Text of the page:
To make sure starting up a business goes as smoothly as possible and help you keep luck on your side, don't forget these five essentials.
Put simply, your business model summarizes your business concept: what product or service your business will offer, how it will deliver it to clients and how it will generate revenue
A good business model enables you to create added value for your clients and is based on a real need or behaviour you have identified (this is your "value proposition").
In addition to the value proposition, your business model will set out:
- Your client segments
- How you will create an attractive offering for each client segment
- The channels you will use to reach your clients
- Your key resources and partners
- Your cost structure (which will enable you to set your prices)
- How you will generate revenue
Revenue can be generated via a number of strategies: selling memberships, discount sales, direct sales, using the sharing economy, group buying, implementing a freemium model, etc.
You will also have to consider how your business model will operate. You could use a click and mortar, cooperative, franchise or online-only model, to name just a few.
Remember that if you focus on an innovative model that creates added value for your clients, it will be harder for your competitors to copy you.
While the business model defines your business concept, the business plan sets out the steps required to achieve a goal. Think of it as an action plan that will be applied by your business. Investors will also use your action plan to estimate the potential of your business.
A good business plan explains:
- The mission or philosophy of the business. Express it as a concise sentence that sets out your clients' issues, needs or problems and explains how your business will address them.
- A summary of your business model.
- Information on your market: a profile of your target clients (demographics, habits, interests), the approximate number of potential buyers, your direct and indirect competitors, and the estimated value of the market.
- Your competitive edge: what you offer that makes you stand out from what's already on the market, whether it is your product/service or the way you deliver it.
- The sales and marketing strategies you will use to acquire clients and build loyalty.
- Concrete information on your operations (sourcing, human resources, physical and digital structures, legal form of business, etc.).
- Your financial projections.
- Key achievements and when you plan to arrive at them
- A clear action plan over a defined period (e.g., 3 years).
You should also include an executive summary of your business and introduce yourself and your partners. Describe how your expertise will help you meet your objectives. In this way, you can approach investors and provide them with all the information they need to make an informed decision.
Your business will only be as solid as the network of experts behind it.
Although small business owners often find themselves doing a portion of all the tasks required to run the business, it is highly unlikely that their competencies will include every important aspect of operations.
Surround yourself with trusted experts. Your network should include an accountant, a banker and a legal advisor. They will help you make the best possible decisions and build a strong foundation to support your business so it can grow over time.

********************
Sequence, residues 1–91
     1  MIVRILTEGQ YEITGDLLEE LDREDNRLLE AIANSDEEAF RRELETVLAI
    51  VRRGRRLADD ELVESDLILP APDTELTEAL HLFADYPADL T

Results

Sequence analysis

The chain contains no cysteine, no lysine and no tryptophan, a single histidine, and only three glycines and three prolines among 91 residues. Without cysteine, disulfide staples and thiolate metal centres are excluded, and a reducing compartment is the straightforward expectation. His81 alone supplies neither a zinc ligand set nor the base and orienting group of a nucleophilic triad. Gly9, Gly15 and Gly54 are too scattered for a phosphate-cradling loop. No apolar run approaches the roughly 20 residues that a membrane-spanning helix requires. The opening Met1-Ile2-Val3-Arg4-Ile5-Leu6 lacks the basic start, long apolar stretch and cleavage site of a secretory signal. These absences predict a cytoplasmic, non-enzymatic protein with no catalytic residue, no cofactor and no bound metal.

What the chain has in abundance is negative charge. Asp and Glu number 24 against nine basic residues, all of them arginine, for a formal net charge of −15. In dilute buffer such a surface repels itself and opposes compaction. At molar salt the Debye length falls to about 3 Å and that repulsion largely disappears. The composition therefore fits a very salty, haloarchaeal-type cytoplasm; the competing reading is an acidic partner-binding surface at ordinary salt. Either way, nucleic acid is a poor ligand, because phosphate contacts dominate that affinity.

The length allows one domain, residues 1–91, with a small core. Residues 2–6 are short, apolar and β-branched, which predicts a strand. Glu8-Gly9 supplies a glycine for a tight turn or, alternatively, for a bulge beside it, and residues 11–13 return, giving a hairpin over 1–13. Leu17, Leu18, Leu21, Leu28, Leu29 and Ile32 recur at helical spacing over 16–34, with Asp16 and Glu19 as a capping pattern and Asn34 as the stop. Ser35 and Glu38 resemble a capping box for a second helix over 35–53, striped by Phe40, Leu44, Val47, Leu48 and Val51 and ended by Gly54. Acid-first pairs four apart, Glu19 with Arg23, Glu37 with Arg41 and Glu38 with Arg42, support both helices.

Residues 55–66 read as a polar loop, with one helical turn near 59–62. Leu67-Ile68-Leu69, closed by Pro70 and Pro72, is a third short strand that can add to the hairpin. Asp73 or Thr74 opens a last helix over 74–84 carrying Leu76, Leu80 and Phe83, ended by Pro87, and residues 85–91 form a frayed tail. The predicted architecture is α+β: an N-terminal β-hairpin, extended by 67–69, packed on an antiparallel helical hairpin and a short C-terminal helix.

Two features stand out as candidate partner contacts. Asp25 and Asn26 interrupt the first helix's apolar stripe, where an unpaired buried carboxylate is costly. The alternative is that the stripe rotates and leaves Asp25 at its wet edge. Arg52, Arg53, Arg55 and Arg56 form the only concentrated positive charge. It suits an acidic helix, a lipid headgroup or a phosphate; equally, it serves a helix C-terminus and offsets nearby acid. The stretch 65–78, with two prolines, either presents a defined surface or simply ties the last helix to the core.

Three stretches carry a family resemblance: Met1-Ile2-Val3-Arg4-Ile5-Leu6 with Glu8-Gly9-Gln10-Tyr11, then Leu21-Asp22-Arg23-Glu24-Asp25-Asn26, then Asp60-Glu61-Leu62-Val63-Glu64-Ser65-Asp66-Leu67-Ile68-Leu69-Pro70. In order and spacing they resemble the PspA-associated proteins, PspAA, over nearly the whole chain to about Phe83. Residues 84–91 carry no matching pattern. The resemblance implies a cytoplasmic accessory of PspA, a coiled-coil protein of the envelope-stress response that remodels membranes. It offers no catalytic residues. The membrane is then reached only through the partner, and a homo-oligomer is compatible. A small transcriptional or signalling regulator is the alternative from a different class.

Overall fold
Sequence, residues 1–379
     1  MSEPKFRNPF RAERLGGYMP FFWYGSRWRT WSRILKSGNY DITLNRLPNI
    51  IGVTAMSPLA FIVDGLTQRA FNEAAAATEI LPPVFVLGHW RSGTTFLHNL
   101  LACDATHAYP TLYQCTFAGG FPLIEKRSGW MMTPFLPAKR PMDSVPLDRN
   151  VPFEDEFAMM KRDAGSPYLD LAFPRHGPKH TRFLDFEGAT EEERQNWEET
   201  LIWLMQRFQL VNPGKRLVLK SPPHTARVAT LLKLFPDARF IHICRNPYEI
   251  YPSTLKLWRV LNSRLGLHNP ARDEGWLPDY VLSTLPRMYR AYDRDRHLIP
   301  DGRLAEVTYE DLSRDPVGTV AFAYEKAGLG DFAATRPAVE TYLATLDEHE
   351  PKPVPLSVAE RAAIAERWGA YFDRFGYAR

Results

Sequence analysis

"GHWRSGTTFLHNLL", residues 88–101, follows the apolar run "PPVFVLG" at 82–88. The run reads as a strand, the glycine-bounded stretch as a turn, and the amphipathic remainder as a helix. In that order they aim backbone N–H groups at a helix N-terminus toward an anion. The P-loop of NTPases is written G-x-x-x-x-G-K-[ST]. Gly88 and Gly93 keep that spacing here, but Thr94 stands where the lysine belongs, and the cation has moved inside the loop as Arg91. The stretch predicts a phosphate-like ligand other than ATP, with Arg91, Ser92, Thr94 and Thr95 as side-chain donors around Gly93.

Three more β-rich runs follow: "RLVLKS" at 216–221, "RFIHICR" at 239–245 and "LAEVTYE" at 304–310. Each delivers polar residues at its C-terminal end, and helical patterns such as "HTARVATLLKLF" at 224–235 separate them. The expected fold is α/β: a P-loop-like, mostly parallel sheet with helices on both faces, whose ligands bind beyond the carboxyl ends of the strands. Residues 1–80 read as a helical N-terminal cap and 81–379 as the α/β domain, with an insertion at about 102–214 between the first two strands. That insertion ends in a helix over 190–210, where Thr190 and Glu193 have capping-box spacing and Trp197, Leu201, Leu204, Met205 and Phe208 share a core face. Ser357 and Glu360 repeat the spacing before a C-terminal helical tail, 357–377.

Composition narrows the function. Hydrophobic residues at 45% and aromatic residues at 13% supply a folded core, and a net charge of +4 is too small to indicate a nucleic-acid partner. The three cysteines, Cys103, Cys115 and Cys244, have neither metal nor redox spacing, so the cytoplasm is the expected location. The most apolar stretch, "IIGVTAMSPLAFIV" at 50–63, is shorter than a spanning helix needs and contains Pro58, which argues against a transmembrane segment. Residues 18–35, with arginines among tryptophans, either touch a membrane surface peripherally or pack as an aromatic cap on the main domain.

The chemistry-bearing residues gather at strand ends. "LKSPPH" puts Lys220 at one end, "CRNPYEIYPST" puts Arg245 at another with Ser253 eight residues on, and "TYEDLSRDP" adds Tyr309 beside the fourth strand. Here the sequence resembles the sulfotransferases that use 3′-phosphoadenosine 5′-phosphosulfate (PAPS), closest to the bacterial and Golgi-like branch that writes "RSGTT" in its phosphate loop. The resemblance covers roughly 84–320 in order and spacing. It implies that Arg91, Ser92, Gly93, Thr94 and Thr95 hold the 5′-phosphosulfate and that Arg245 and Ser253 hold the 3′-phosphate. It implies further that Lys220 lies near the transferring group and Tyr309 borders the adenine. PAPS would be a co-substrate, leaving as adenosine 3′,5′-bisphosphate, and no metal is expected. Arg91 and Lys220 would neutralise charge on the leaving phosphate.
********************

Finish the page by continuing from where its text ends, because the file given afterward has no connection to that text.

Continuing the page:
Small business owners can choose to manage their own payroll. However, it may be wise to seek out a payroll service provider, as it can be very time-consuming to handle all the tasks linked to payroll management (calculating and paying government remittances; producing paycheques, pay slips and records of employment; preparing T4, T4A, RL-1 and RL-2 tax slips, etc.).
You could also make errors that affect your employees, your accounting and revenue agencies, which will take even more time to correct.
That's why we recommend entrusting your payroll services to a reliable provider. It will allow you to focus on growing your business, your employees will always be paid on time and you will avoid the administrative burden.
If you have partners, a shareholder agreement will set the parameters of your responsibility toward your partners and the business.
It settles in advance any potentially contentious issues that could emerge in your relationship with your business partners. For example: What happens if your partner wants to sell? Will you have first right of refusal over his shares, or will he be entitled to sell them to anyone without consulting you? Is your partner permitted to sell his share of the company and go work for a competitor, bringing some of your clients with him?
Or, if one of your partners does not live up to expectations, what can you do to take back his portion of the business?
If a partner passes away suddenly, who will inherit his shares?
It's best to agree on terms when your relationship with your partners is going well and before you have invested lots of time, effort and money in the business.
In addition to these five essentials, you will of course have to consider other necessities like opening a business account. You can open a business account in a single meeting at National Bank. Click here to contact us!
The information in this article is not exhaustive and is for information purposes only. For advice on your personal or business finances, please consult your National Bank advisor or an industry professional (e.g., an accountant, tax specialist or lawyer).
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